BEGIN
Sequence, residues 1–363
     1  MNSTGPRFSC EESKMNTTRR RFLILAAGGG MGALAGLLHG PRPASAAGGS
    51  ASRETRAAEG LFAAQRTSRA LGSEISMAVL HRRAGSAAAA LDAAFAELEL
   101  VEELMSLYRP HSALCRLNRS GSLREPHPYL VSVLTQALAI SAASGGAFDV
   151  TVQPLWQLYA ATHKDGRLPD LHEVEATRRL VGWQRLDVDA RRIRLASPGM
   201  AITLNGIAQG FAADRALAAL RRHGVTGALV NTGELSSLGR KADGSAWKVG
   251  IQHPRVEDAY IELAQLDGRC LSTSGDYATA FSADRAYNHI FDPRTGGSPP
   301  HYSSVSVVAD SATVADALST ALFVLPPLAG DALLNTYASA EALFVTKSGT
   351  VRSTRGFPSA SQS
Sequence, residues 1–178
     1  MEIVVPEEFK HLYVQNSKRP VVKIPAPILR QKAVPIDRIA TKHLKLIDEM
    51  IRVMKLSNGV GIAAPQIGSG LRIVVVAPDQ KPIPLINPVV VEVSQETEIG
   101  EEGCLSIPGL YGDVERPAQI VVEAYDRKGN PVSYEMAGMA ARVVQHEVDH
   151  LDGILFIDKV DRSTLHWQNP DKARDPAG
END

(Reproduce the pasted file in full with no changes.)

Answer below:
Sequence, residues 1–363
     1  MNSTGPRFSC EESKMNTTRR RFLILAAGGG MGALAGLLHG PRPASAAGGS
    51  ASRETRAAEG LFAAQRTSRA LGSEISMAVL HRRAGSAAAA LDAAFAELEL
   101  VEELMSLYRP HSALCRLNRS GSLREPHPYL VSVLTQALAI SAASGGAFDV
   151  TVQPLWQLYA ATHKDGRLPD LHEVEATRRL VGWQRLDVDA RRIRLASPGM
   201  AITLNGIAQG FAADRALAAL RRHGVTGALV NTGELSSLGR KADGSAWKVG
   251  IQHPRVEDAY IELAQLDGRC LSTSGDYATA FSADRAYNHI FDPRTGGSPP
   301  HYSSVSVVAD SATVADALST ALFVLPPLAG DALLNTYASA EALFVTKSGT
   351  VRSTRGFPSA SQS
Sequence, residues 1–178
     1  MEIVVPEEFK HLYVQNSKRP VVKIPAPILR QKAVPIDRIA TKHLKLIDEM
    51  IRVMKLSNGV GIAAPQIGSG LRIVVVAPDQ KPIPLINPVV VEVSQETEIG
   101  EEGCLSIPGL YGDVERPAQI VVEAYDRKGN PVSYEMAGMA ARVVQHEVDH
   151  LDGILFIDKV DRSTLHWQNP DKARDPAG